WASHINGTON — AT&T has once again told the Federal Communications Commission that it shouldn’t have to sell off its stake in Time Warner Entertainment — end of story.
The FCC is in the process of deciding whether the divestiture still holds; a federal appeals court recently struck down a key ownership cap prohibiting one cabler from reaching more than 30% of the national audience.
AT&T went over that mark when merging with MediaOne. Accordingly, the FCC ordered conglom to divest a 25% interest in TWE, which includes cable systems and Warner Bros.
FCC suspended its own directive after the appeals court declared the cable ownership cap arbitrary and unconstitutional.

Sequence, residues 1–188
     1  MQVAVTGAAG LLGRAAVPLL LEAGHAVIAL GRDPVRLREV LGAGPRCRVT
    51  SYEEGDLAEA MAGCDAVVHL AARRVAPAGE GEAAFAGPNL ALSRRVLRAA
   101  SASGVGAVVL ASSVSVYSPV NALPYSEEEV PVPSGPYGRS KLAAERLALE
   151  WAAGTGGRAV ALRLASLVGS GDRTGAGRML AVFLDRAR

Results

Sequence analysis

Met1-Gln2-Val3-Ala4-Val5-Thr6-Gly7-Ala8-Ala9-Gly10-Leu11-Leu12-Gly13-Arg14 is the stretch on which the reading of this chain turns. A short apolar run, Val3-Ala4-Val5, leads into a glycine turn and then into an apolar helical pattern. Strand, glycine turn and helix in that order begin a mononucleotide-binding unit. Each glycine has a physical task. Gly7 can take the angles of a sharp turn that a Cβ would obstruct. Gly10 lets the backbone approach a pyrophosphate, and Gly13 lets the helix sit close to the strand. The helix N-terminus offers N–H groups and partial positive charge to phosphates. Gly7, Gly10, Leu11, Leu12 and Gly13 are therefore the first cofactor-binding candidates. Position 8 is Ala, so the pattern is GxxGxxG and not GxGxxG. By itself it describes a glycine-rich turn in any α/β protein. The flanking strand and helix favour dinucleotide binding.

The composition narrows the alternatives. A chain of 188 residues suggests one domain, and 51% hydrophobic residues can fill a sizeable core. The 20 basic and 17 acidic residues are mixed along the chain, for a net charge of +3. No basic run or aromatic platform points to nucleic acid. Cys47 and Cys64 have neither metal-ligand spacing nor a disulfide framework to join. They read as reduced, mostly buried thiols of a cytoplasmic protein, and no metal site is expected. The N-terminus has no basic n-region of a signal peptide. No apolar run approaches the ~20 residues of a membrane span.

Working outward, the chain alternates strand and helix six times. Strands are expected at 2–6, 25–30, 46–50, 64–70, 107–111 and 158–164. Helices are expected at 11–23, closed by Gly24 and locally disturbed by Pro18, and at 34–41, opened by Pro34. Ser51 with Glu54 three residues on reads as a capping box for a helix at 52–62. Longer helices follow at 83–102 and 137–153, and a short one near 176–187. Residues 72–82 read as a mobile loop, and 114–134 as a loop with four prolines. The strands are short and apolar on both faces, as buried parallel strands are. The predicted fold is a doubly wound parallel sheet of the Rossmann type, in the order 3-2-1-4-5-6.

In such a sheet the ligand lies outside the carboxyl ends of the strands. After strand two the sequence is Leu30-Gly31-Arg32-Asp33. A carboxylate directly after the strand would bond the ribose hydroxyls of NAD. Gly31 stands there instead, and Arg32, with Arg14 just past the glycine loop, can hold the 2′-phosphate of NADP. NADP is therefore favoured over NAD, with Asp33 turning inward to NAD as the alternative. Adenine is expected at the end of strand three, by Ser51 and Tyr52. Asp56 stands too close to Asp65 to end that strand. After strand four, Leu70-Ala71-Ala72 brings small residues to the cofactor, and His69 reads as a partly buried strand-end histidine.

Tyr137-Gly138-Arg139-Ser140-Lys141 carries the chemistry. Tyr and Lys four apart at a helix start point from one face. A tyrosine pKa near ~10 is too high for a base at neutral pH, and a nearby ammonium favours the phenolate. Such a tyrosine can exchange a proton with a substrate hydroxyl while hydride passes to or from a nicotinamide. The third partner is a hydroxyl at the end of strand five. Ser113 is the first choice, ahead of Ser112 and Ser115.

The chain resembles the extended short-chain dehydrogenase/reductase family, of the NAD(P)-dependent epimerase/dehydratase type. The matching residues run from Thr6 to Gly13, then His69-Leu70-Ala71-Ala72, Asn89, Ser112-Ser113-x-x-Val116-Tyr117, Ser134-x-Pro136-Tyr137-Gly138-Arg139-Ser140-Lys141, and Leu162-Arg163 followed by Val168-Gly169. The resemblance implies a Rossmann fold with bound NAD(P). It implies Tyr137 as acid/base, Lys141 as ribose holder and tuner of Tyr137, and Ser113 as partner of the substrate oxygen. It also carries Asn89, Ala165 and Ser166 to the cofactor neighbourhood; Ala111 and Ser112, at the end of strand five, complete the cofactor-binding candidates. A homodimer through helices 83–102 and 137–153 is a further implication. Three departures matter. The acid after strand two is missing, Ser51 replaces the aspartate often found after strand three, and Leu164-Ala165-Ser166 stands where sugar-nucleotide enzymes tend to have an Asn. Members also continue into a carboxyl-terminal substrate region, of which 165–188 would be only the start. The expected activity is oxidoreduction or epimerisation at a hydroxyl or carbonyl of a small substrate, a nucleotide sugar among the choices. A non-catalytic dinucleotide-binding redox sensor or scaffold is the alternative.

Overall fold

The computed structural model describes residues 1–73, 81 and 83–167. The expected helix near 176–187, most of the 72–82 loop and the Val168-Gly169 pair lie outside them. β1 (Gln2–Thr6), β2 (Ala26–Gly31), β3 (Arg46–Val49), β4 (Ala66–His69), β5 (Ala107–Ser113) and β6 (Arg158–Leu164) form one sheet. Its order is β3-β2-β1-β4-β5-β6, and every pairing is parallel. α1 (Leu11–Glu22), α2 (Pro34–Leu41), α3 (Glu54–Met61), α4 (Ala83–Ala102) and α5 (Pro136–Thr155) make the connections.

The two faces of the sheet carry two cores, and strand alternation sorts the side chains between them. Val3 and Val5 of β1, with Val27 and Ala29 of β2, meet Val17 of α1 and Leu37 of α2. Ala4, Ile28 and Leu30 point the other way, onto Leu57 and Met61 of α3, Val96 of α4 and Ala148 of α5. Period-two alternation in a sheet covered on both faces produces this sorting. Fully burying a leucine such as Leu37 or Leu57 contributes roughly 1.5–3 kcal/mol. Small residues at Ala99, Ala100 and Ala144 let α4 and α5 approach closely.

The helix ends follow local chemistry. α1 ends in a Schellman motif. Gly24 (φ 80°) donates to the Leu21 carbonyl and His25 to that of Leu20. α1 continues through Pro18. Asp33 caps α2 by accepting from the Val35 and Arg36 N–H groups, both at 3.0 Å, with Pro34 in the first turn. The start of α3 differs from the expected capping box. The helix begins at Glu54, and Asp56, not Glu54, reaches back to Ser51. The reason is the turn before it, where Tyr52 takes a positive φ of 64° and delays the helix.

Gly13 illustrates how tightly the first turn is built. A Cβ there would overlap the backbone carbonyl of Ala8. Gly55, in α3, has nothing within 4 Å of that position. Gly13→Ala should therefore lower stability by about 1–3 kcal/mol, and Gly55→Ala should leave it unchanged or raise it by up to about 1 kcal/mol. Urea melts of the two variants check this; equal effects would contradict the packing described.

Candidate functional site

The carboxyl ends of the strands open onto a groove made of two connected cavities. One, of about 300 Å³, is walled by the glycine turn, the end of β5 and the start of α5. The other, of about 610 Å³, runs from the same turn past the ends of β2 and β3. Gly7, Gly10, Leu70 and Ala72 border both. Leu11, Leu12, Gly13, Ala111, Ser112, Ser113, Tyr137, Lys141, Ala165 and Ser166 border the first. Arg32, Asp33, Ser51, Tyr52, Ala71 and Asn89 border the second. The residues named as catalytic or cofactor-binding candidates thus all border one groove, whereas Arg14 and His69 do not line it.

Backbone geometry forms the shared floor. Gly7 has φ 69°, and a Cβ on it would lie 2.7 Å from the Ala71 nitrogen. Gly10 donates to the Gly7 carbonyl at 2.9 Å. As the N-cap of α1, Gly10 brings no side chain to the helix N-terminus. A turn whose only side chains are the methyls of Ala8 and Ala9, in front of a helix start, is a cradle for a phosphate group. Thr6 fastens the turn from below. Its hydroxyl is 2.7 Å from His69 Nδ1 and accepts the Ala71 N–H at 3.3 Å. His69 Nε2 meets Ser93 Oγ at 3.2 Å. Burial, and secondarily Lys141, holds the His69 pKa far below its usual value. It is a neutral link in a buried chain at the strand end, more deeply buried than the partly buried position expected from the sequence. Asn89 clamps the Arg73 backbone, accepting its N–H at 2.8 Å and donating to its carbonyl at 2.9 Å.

‘Baseless on merits’
Several citizen groups have asked the FCC to keep the divestiture order in place, saying the court decision has no bearing in this instance.
In papers filed with the FCC late Friday, AT&T said that such a “claim is baseless on the merits.” Telco went on to reiterate all the reasons why it should be allowed to keep TWE, making repeated reference to the now-disabled ownership cap.
Those opposing AT&T’s position have until May 25 to file comments.
After that, the FCC will make its final decision, with new Republican Chairman Michael Powell leading the way.
In other FCC news, Powell continued Monday to name his lieutenants, tapping longtime FCC staffer Jane Mago as permanent general counsel. Mago had been serving as acting counsel since January.
Longtime career politico Martha Johnston has been picked to serve as the FCC’s liaison to Congress. Previously, Johnston has done stints at the State Dept. and the U.S. Information Agency as well as on Capitol Hill.